- Book of the Month: Culture Care
- Book of the Month: The Crowd, The Critic, & the Muse
- Book of the Month: You Can Change
- Book of the Month: When Helping Hurts
- Book of the Month: Radical Together
- Book of the Month: The Drama of Scripture
- Book of the Month: Notes from the Tilt-A-Whirl
- Book of the Month: Meaning at the Movies
- Book of the Month: Altared
- Book of the Month: Truth & Transformation
- Book of the Month: Everyday Justice
- Book of the Month: Gilead by Marilynne Robinson
- Book of the Month: Fight
- Book of the Month: Death By Living
- Book of the Month: Purge with Passion
- Killer Book Alert: Jesus Is Better than You Imagined
- Writing about Music Is Like Dancing about Architecture
- Grace Has No Leash
- Announcing You & Me Forever: A Forthcoming Book from Francis & Lisa Chan
- Book of the Month: Desiring the Kingdom
- The Freedom of Self-Forgetfulness
- Announcing Multiply: Free Discipleship Material from Francis Chan
This great quote is attributed to Elvis Costello: “Writing about music is like dancing about architecture.” Indeed.
That’s one of art’s greatest characteristics. It defies description. It resists paraphrase. So when it comes to writing about something as complex, subtly nuanced, and experience-driven as music, you may as well be using a waltz to explain the Eifel Tower. But that doesn’t stop us from trying.
At the end of this month, I’m releasing a book through Zondervan entitled Resonate: Enjoying God’s Gift of Music. It’s essentially a music lover’s approach to the topic. I have always loved music. Always. I still remember the time my dad came home with a new boom box and a cassette tape of the Beach Boys’ Surfer Girl album. Music has been a constant part of my life since that moment.
And that’s exactly where the description-defying nature of music comes in to play. I can’t tell you exactly what music has done for me. Inspired me? Deepened my emotional life? Helped me to contemplate key aspects of human existence? Enlarged my being (to borrow a phrase from C. S. Lewis)? Yes. All of those. But what do these grandiose claims mean precisely? As an educator, a book lover, and a writer, I spend a lot of time around intellectual types who would rather be reading commentaries than listening to Radiohead. That type of person gets suspicious when you talk about an “enlargement of being” in connection with melodies and tones. Yet I am convinced that all of us need to embrace the gift of music more deeply.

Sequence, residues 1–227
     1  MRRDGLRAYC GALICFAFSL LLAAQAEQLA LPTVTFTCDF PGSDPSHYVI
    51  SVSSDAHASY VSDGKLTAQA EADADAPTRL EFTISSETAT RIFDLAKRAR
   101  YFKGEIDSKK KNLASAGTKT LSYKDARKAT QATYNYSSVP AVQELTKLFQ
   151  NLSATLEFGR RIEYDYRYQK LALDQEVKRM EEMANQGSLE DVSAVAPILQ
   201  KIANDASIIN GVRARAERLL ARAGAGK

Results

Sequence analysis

In my experience, we tend to take music for granted. It’s everywhere. Many of us pursue it eagerly, but even those who don’t care much about music are exposed to it constantly. The trouble is, we rarely think about the music we hear. Is music actually good for us? How so? Can it be harmful to our souls? If so, how? And how do we guard against the harmful affect? What kind of music should we be listening to? Is it okay for a serious Christian to listen to “secular music”? Should we be primarily focused on “Christian music”? And what does “Christian music” mean, anyway?
These are all questions that I’ve had throughout my music-loving life. I haven’t always had good answers to those types of questions. To be honest, I went through many years without even considering them. And yet music has always remained with me—affecting me in ways I didn’t understand, attracting me in ways I can’t articulate, even leading me into worship in the oddest of situations (a concept that I was not entirely comfortable with).
So while writing about something as mysterious as music is inherently difficult, I felt compelled to explore this gift from God. Anytime we find one of God’s gifts going unappreciated, or we find the gift being used but the Giver going unacknowledged, we need to think more deeply. If you’ve never felt awe at how unbelievable the gift of music is—if that gift has never left you in awe of the Giver—then you need to think more deeply about music.
That’s what I hope to offer readers through Resonate: the opportunity to think more deeply about music. In the first half, I explore a theology of music. What does the Bible say about it? How do we explain the universal fascination with music (there has never been a culture that has gone without music)? How should we as God’s image bearers relate to music? How should we think about the distinction between secular and Christian music? Then in the second half, I explore ways that we dive in and interact with music. How should we listen to it? How should we create it? How should we share it? How does music relate the worship and mission of the church?
Over the next few weeks, I’ll keep posting about music here and there. That’s partly to promote the book (what’s the point in writing it if no one reads it, right?). But I also genuinely care about music, and I sincerely want you to see the beauty, brilliance, and mystery of music as you’ve never seen it before. And my prayer is that you would see the beauty, brilliance, and mystery of God as your grow in your enjoyment of his gift of music.
If you’re so inclined, you can pre-order it here: